The Flyers’ owner Richard Holtzman was a Chicago real estate investor who owned numerous  minor league baseball clubs around the country during the late 1980’s and 1990’s.  Holtzman originally wanted to place his new club in Montgomery, Alabama, but when that didn’t pan out he fell back on Sumter, South Carolina’s Riley Park for the 1991 season.   The Flyers would serve as a farm team for the Montreal Expos.

The Flyers had a record of 64-75 during their only season in Sumter.  Twelve Flyers players eventually saw time in the Major Leagues, including – remarkably – nine members of the pitching staff.  The best known of the bunch were Rondell White and Shane Andrews, Montreal’s two first round selections in the 1990 Amateur Draft.  Andrews eventually played parts of seven seasons in the Majors from 1995 to 2002, including a 25-homer season for the Expos in 1998.  White played 15 seasons (1993-2007) and was a National League All-Star selection in 2003.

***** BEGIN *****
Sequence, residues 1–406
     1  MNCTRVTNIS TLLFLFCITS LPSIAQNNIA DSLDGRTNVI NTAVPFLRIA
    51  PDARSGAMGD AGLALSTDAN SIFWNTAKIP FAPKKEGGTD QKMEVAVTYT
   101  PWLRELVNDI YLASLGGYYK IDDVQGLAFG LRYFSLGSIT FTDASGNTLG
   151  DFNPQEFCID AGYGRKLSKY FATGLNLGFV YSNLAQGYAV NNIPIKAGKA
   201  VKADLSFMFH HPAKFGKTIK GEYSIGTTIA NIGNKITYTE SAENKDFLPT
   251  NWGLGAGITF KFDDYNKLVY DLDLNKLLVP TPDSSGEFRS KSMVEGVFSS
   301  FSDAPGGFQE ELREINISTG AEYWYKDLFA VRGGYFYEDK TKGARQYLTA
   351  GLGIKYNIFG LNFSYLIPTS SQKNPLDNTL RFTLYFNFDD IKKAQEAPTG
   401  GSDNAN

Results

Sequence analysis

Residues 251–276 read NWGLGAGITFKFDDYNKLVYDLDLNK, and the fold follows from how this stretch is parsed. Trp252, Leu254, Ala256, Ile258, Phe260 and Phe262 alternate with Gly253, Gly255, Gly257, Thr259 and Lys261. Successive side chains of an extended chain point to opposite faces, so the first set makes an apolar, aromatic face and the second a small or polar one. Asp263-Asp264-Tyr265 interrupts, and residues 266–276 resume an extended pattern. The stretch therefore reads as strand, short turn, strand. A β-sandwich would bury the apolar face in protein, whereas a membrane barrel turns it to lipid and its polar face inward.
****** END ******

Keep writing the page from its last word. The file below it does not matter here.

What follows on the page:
The Flyers drew 45,637 fans to Riley Park in 1991 for an average attendance of 702 per game.  Holtzman and team General Manager Scott Skadan told The Sumter Item that the ball club had a bad season financially and lost money.  When a sweeter deal became available in Albany, Georgia, Holtzman pulled out of Sumter and moved the team south in November 1991.

The franchise was know as the Albany Polecats from 1992 to 1995.  In 1995, Holtzman sold the club to Peter Kirk who moved the ball club to Salisbury, Maryland where it operates to this day and is known as the Delmarva Shorebirds.

 

==In Memoriam==

Flyers pitcher Kevin Foster, who won 10 games for Sumter in 1991 and later pitched in the Majors, died on renal cancer on October 11, 2008 at age 39.

 

==Links==

South Atlantic League Programs

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Written by andycrossley

February 21st, 2014 at 4:11 pm

1987-1996 Fayetteville Generals

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South Atlantic League (1987-1996)

Born: 1987
Died: 1997 – Re-branded as the Cape Fear Crocs.